My mother’s wilted every summer for as long as I can remember. Even when we lived up north, she had window units in her bedroom and in the living room. I never thought about it much, but most of my friends’ homes didn’t have air conditioners. Once we moved to Texas, the hot summers waged full battle against Mom. Fortunately, the houses down here had central air, so she didn’t restrict herself to one room of the house. The early mornings became Mom’s time to do anything outside—watering, gardening, laundry. Many days the laundry hung on the line by six in the morning. One of us kids pulled it down in the afternoon. I never thought much about it, but any outside activity of my mother’s that didn’t get done in the morning could wait until evening.
My mother melted when my parents moved to the higher humidity in League City, Texas. Situated right between Galveston and Houston, the little town becomes a sauna from May through October. Add pollution to the mix, and my mother suffered tremendously. She much rather preferred her San Antonio allergies to the Houston crud! Everyone knew that Mom would move straight back to San Antonio after Dad died because she could tolerate the subtle summer differences better here.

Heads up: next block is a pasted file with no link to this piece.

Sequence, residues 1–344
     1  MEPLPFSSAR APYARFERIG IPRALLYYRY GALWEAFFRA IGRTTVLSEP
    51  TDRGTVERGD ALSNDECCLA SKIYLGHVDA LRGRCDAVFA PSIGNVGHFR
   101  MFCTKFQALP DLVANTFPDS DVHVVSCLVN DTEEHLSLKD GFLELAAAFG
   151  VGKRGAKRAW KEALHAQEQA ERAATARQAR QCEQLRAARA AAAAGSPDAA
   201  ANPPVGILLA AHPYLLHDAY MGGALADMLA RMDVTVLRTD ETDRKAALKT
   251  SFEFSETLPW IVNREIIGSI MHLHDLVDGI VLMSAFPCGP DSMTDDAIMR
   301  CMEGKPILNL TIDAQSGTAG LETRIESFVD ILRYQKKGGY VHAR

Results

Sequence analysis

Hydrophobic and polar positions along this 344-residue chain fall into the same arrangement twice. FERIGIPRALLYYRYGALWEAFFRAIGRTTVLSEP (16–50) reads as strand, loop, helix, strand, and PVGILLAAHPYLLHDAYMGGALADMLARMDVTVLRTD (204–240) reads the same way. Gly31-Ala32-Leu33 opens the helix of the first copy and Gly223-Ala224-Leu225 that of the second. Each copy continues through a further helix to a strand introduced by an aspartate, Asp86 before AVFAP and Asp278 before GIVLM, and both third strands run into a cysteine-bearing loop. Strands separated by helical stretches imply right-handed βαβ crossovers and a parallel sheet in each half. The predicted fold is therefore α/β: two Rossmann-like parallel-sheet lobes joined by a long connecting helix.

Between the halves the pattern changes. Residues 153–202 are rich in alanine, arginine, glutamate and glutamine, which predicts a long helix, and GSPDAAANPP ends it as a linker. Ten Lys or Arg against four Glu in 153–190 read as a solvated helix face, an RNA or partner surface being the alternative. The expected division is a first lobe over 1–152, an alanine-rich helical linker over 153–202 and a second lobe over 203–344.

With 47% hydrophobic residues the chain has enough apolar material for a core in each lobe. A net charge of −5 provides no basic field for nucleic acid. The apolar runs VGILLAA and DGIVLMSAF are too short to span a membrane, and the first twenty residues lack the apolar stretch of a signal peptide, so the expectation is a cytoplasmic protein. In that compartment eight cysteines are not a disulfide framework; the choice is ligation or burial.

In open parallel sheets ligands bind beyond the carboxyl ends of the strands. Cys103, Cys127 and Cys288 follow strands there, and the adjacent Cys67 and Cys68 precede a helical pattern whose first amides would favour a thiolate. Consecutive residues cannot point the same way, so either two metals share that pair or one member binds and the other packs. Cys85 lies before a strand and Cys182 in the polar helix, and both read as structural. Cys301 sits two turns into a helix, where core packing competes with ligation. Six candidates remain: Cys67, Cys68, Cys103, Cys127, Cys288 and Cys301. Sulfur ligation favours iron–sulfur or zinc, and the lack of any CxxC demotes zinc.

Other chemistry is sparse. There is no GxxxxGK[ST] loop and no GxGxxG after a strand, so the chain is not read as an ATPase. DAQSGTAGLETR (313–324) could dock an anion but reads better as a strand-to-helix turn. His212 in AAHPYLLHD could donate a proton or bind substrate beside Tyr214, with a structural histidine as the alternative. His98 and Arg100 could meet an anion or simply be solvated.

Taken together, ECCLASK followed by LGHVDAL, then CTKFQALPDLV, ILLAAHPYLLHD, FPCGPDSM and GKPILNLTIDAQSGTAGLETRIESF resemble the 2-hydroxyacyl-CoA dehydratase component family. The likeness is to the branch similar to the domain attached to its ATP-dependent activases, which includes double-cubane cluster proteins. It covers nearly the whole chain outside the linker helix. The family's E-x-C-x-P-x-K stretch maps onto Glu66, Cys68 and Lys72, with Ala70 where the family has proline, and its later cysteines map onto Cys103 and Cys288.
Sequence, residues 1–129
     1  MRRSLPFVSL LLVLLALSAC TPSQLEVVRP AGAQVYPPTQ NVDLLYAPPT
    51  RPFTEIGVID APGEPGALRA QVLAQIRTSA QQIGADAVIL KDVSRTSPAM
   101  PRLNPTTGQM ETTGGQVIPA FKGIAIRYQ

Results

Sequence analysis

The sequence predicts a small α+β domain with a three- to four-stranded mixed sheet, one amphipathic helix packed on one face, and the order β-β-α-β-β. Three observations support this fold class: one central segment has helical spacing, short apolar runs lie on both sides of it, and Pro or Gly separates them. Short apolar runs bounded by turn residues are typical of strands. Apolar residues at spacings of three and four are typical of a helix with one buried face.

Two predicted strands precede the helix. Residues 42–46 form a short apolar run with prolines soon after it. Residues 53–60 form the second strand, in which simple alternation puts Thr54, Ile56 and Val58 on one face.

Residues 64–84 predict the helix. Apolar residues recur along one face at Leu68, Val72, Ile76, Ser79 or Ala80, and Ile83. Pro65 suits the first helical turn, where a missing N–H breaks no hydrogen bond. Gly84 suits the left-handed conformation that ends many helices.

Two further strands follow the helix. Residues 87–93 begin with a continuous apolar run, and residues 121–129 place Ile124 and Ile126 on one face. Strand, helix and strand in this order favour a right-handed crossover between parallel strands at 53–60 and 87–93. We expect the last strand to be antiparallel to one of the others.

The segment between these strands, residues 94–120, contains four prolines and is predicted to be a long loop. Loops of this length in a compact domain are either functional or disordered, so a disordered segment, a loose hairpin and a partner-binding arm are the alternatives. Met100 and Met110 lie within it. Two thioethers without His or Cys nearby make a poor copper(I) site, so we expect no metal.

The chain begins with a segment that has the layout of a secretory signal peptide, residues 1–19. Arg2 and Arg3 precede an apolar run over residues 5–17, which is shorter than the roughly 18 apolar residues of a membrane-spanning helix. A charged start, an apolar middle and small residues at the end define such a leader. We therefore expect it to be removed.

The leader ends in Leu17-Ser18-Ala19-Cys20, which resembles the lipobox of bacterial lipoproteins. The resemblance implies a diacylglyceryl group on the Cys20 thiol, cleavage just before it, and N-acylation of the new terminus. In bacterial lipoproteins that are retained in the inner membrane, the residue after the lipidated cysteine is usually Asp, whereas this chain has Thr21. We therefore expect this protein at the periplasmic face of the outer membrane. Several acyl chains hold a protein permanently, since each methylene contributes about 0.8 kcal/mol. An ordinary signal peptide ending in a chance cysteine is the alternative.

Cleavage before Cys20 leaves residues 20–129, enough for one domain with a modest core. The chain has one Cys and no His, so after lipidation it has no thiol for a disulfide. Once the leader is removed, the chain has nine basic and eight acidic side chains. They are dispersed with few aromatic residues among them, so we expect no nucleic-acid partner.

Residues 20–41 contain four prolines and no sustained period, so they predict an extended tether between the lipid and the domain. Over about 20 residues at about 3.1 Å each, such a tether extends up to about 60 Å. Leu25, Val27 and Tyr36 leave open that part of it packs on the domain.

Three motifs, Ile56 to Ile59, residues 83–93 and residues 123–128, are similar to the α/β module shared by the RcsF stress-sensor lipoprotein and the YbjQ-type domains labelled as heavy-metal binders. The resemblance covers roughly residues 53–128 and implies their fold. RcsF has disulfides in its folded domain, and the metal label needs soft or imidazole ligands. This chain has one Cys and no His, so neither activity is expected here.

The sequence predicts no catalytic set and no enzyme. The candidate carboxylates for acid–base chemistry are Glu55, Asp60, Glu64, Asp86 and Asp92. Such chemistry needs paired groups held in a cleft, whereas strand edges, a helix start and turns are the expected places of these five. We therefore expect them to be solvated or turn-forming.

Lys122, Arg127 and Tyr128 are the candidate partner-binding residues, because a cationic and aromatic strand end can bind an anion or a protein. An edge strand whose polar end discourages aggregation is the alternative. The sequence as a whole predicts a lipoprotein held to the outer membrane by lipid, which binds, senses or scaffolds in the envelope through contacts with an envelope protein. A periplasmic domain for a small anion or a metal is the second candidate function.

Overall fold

The record breaking heat of this summer smacks down the average person. For my mother, it means she restricts herself to the house even more. Before this summer, Mom liked weekly outings to a store or restaurant, but the triple digit temperatures force her to remain inside. Mom hasn’t left the house since the first week of July. I don’t know if it’s her age, or Huntington’s, or her lifelong struggle with heat that keeps her homebound. This week she needs to have blood drawn, which means a trip to the lab. Next week she has a doctor’s appointment. I suspect she’ll ask me to postpone both until the end of September in the hope that fall will eventually arrive in central Texas.
Copyright 2011 Elizabeth Abrams Chapman